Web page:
September 14, 2004

Get up, stand up

Rose spotted a New York Times article today about another, not-as-traumatic-as-the-one-Peter-Gabriel-wrote-a-song-about-but-still-fairly-traumatic experiment conducted by Stanley Milgram. (In case you don't know all about the traumatic one, you can read about it here.) The experiment was on a subject Rose has had quite a bit of experience with: asking people for a seat on the subway.

Dr. Milgram set out to try it himself. But when he approached his first seated passenger, he found himself frozen.

"The words seemed lodged in my trachea and would simply not emerge," he said in the interview.

Retreating, he berated himself: 'What kind of craven coward are you?"

A few unsuccessful tries later, he managed to choke out a request.

"Taking the man's seat, I was overwhelmed by the need to behave in a way that would justify my request," he said. "My head sank between my knees, and I could feel my face blanching. I was not role-playing. I actually felt as if I were going to perish."

Back before Rose was receiving treatment for what turned out to be rheumatoid arthritis, she was unable to stand up on the subway, and often had to ask people for seats. She was never refused, though many people pretended not to hear her. The whole process was much easier when she had her cane with her, because then she could just ask for a seat, and look meaningfully at the cane, and people would get up without needing further explanation as to why a healthy-looking young purple-haired woman needed a seat more than they did.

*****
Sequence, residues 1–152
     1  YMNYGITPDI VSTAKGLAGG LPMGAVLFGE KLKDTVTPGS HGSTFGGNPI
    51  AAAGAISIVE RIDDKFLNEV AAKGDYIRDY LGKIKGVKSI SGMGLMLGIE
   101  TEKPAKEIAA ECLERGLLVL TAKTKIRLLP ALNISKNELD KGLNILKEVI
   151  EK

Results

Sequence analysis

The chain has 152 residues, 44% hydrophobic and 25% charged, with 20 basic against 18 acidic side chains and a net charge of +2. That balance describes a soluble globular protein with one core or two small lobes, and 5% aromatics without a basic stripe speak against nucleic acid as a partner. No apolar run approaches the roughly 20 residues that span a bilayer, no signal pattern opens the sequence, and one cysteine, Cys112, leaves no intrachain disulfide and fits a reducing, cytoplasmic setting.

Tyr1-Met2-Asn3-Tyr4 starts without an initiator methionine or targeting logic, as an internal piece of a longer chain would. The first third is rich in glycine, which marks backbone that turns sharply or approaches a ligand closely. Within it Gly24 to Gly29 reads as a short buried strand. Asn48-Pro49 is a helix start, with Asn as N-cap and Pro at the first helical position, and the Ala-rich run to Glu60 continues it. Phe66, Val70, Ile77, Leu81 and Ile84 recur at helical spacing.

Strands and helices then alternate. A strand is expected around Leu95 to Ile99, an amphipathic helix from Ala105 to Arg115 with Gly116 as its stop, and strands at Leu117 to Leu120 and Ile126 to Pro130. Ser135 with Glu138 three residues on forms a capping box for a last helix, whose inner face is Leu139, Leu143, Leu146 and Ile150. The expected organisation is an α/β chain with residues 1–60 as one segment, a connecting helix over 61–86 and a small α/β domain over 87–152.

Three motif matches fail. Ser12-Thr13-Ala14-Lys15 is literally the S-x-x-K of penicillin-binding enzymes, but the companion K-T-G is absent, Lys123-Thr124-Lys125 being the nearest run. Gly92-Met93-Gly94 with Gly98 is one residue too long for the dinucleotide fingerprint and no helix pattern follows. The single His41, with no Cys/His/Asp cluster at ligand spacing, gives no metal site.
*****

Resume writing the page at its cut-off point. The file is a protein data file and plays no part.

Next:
She didn't experience the discomfort that Milgram's students did, but then, she actually needed a seat. It's presumably much harder to ask someone to give up their seat for science.

Posted by Francis at 10:31 AM

Hey Francis --

I am MAJORLY fascinated by Milgram's work and am (in fact) considering writing a play about him and his life's work. Are you reading the newish biography?

Posted by: Colleen at September 14, 2004 11:03 AM

I wasn't aware of a newish biography, but I've been reading more about him lately and getting more fascinated by him all the time. I should check it out.

And if you're interested in making that play a musical, let me know. (^_^)

Posted by: Francis at September 14, 2004 11:10 AM

Interestingly, I *did* find it felt pretty awkward to ask for a seat when I didn't have a prop -- as though I deserved it less because I'd decided to try the day without a cane, but turned out to have overestimated myself!

Posted by: Rose at September 14, 2004 11:34 AM

Yeah, it's hard enough just asking someone to move their crap off the seat next to them.

Posted by: Francis at September 14, 2004 01:26 PM

For Milgram's final experiment (published posthumously), he had his research associates cut in front of strangers in lines. In New York City. His hypothesis was that it would piss people off. He was right.

Every day I give thanks that I was not one of Milgram's research associates.

BTW, if you haven't seen the film Obedience, based on Milgram's most famous study, I highly recommend it. If you can't find it in the library, you can always sit in on my social psych class when I show it 11/22/04.

Posted by: Jenny at September 14, 2004 02:38 PM

Do you have any more information on Milgram's experiment on cutting in line? Cally did some experiments on that subject for a sociology class in college. It seems that it's OK to cut in line to join people that you are "with" in line, so she was using this to explore the notion of what counted as "with". The most salient result was that if you walk up to someone in line and kiss them, and stay in the line, you have clearly identified yourself as a "with", so the people you have cut in front of don't mind.

Posted by: Andy at September 14, 2004 03:11 PM

You can get full details of this (and other vaguely distressing studies) in The Individual in a Social World: Essays and Experiments. Chapter 4 is devoted entirely to the cutting in line experiment. It's relatively accessible for a social psych monograph.

Posted by: Jenny at September 14, 2004 04:07 PM